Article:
Unlike extended magazines for some other guns I’ve used, the 9-round magazine essentially makes the XD-S feel like a full-size handgun. I’m satisfied with the grip I can get on the gun with the flush-fit magazine, but the gun is more pleasant to shoot with the extended magazine inserted.
Another standout feature of the XD-S are the factory sights. The gun features a fiber optic front sight with a two-dot rear sight, which is a configuration that provides excellent rapid target acquisition and adequate performance in lower-light situations. Springfield even includes spare fiber optic tubing, allowing the owner to choose between a red or green front sight. The sights are probably the best factory sights I’ve seen on a concealed carry pistol, and the XD-S is one of the few guns I’ve purchased where I didn’t immediately want to swap the sights out for an aftermarket set.
The trigger on the XD-S has similar qualities to other striker-fired handguns I’ve fired, with the take-up being a bit shorter than average. I did feel that the trigger pull on the XD-S was a bit heavier than it needed to be, but the trigger breaks smoothly and resets quickly with a tactile and audible click.
In general, I felt that the trigger was easy to shoot quickly with, but the heavier-than-necessary weight was amplifying the mistakes I tend to make in my handgun shooting form, which caused me to have a bit of trouble shooting the gun at long distances. However, I was easily able to achieve “minute of bad guy” accuracy at normal defensive handgun range and I have no doubt that a better handgun shooter could achieve impressive groupings with the XD-S.
I enjoyed shooting the XD-S at the range more than I have with other handguns of this size. For a single-stack 9mm carry gun, I’ll typically be tired of dealing with the recoil and small grip of the gun after firing a box or two of ammunition at the range, but I didn’t feel that way with the XD-S. The extended magazine provides some welcome extra real estate for gripping the gun, and the XD-S generally seemed to recoil a bit less than other handguns in this size class. If you’re looking for a single gun to pull double duty between concealed carry and range use, the XD-S would be particularly worth considering.
I’ve been pleased with the reliability of the XD-S. I experienced no failures in my testing, and have tested the gun with a few different types of defensive rounds such as Hornady Critical Defense and Winchester PDX1 +P jacketed hollow points. The XD-S fed both types of rounds (as well as normal FMJ practice ammo) reliably and was accurate with all types of 9mm ammunition.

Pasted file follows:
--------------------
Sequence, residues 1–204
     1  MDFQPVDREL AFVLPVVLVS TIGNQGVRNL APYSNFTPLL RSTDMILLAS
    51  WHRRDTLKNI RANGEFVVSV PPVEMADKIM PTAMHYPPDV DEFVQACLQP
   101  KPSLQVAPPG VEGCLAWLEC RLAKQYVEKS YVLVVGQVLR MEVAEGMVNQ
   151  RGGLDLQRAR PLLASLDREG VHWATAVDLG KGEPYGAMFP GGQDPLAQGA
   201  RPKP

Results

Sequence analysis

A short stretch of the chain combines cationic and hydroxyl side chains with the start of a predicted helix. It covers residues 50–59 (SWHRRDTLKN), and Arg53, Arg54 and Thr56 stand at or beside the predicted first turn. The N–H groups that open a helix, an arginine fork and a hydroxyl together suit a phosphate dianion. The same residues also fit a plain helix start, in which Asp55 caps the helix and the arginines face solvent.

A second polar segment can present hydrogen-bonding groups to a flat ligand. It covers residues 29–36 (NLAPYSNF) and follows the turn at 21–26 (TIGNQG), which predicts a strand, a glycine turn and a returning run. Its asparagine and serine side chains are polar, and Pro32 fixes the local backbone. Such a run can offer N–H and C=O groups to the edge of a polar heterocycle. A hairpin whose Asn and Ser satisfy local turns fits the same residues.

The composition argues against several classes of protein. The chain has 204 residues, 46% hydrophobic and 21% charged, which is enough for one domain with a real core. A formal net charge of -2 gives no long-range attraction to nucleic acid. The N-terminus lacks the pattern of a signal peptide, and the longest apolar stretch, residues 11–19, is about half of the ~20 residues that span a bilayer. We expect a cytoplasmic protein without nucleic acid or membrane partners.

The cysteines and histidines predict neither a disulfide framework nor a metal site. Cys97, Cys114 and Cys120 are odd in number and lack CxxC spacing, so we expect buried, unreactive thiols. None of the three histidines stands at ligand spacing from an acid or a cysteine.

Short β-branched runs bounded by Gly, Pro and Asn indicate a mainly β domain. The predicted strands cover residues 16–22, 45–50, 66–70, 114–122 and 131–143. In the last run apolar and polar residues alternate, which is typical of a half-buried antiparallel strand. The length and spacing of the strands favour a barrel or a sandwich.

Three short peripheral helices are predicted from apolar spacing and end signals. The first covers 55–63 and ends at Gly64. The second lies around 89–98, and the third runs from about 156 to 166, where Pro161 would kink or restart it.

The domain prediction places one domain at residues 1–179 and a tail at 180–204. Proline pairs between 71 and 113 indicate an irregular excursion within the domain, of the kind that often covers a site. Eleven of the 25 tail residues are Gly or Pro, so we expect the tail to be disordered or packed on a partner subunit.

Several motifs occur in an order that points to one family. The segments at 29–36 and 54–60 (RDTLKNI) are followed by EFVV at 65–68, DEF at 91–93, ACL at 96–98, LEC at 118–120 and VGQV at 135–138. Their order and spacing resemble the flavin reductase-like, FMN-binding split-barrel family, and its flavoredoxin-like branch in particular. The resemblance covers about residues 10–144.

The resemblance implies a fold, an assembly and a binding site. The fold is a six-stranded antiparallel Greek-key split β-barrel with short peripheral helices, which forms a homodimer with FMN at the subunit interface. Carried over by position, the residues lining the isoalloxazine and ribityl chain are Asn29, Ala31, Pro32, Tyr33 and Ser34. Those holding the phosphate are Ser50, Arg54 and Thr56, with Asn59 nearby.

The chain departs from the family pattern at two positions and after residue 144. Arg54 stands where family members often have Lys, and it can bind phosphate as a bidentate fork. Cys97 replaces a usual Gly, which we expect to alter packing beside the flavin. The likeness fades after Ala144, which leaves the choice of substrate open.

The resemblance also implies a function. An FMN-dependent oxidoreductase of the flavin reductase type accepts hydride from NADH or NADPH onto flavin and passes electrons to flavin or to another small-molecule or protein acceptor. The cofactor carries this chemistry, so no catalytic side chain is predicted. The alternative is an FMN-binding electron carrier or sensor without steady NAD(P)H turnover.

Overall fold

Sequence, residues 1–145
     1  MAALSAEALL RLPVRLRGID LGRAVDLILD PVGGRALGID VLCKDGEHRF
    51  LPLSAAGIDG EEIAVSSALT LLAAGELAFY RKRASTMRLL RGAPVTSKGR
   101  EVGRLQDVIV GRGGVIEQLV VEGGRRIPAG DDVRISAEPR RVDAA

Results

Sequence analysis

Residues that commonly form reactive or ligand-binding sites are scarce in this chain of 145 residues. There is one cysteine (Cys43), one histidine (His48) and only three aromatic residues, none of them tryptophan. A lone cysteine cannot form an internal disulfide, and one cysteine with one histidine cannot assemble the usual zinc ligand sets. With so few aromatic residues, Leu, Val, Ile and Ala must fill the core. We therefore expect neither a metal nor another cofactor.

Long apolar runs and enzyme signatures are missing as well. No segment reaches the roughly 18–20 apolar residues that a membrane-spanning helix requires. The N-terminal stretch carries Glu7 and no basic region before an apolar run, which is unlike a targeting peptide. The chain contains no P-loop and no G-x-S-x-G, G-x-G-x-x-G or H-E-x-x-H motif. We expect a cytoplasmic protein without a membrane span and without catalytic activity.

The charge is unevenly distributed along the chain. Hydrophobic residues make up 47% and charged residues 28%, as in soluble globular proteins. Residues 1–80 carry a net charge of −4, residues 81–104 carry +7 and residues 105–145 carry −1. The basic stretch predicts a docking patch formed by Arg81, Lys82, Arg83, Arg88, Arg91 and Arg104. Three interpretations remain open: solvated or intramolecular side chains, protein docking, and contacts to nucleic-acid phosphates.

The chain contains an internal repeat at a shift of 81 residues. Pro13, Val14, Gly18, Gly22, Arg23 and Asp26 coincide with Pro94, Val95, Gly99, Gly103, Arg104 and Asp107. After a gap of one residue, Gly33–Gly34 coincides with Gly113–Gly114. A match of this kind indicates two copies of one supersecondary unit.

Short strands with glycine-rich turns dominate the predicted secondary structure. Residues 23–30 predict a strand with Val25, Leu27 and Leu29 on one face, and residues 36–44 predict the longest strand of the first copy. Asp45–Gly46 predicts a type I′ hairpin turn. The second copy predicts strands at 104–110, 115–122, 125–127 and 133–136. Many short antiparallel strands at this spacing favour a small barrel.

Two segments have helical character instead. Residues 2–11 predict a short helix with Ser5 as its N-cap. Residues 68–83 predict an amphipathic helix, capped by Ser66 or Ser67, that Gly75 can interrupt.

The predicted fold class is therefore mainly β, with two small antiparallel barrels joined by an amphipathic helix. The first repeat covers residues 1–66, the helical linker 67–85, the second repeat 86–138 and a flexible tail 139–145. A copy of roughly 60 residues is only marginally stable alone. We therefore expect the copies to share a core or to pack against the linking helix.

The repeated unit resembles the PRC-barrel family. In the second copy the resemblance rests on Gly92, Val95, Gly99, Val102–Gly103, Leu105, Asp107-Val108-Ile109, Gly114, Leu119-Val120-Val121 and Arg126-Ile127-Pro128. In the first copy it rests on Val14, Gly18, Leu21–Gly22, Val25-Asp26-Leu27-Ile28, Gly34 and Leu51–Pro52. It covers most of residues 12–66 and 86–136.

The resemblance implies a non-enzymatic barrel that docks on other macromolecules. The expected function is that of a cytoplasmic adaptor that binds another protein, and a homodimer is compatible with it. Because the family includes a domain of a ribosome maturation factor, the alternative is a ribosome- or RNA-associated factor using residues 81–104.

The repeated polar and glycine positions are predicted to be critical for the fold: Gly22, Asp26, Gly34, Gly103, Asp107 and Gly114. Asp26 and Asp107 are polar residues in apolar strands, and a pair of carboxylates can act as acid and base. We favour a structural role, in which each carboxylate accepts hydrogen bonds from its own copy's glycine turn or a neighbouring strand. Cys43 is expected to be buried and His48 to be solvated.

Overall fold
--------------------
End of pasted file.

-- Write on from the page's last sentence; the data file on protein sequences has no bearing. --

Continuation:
For maintenance and cleaning, the gun can be easily field stripped using a takedown lever on the left side of the frame. There were no surprises upon taking the gun apart; the internals are very simple and are similar to every other polymer striker-fired handgun, with the exception of the extra components related to the grip safety. I would have no concerns about the continued reliability and performance of the XD-S for defensive carry.
The Springfield XD-S gets a lot of things right, but misses the mark in a few areas. It’s a solid offering in the single-stack carry handgun space, with excellent sights, above-average firing ergonomics, and reliable performance. However, the blocky design detracts from concealability, and the trigger pull is a bit heavier than I prefer for this type of gun. Overall, the Springfield XD-S performed very well in my testing, and while I do not currently use it as my daily carry weapon, I’d have no qualms about doing so.
Specifications: Springfield XD-S 3.3” 9mm
Height: 4.4” with flush-fit magazine
Barrel: 3.3” with 1:10 twist
Weight: 23 oz. with empty magazine
Slide: Melonite-coated steel
Sights: Fiber-optic front, 2-dot rear
Ratings (out of five stars):
Concealability: * * * *
It’s a single-stack 9mm handgun with a barrel slightly over three inches, so it’s small, but the aggressive design hurts concealability a bit. You won’t want to wear a tight shirt over the XD-S.
Ergonomics: * * * * *
The gun feels great to hold, especially with the extended magazine. Recoil feels a bit lighter than other handguns in this size class, making the XD-S pleasant to shoot at the range.
Accuracy: * * * *
Excellent sights and a relatively good trigger, but the pull was unnecessarily heavy. I was noticeably less accurate with the XD-S than some of my other handguns, but it’s certainly accurate enough for defensive use.
Reliability: * * * * *
Zero concerns here, and the gun worked great with every type of ammo I used. The XD-S has had a recall in the past, but I didn’t experience anything in my testing to suggest that any issues exist in current versions of the gun.
Overall: * * * *
The XD-S is a solid performer that is accurate, reliable, and fun to shoot. However, it’s not the best in its class in terms of concealability, so if you’re particularly concerned about the size or comfort of your carry gun, you may want to consider other offerings.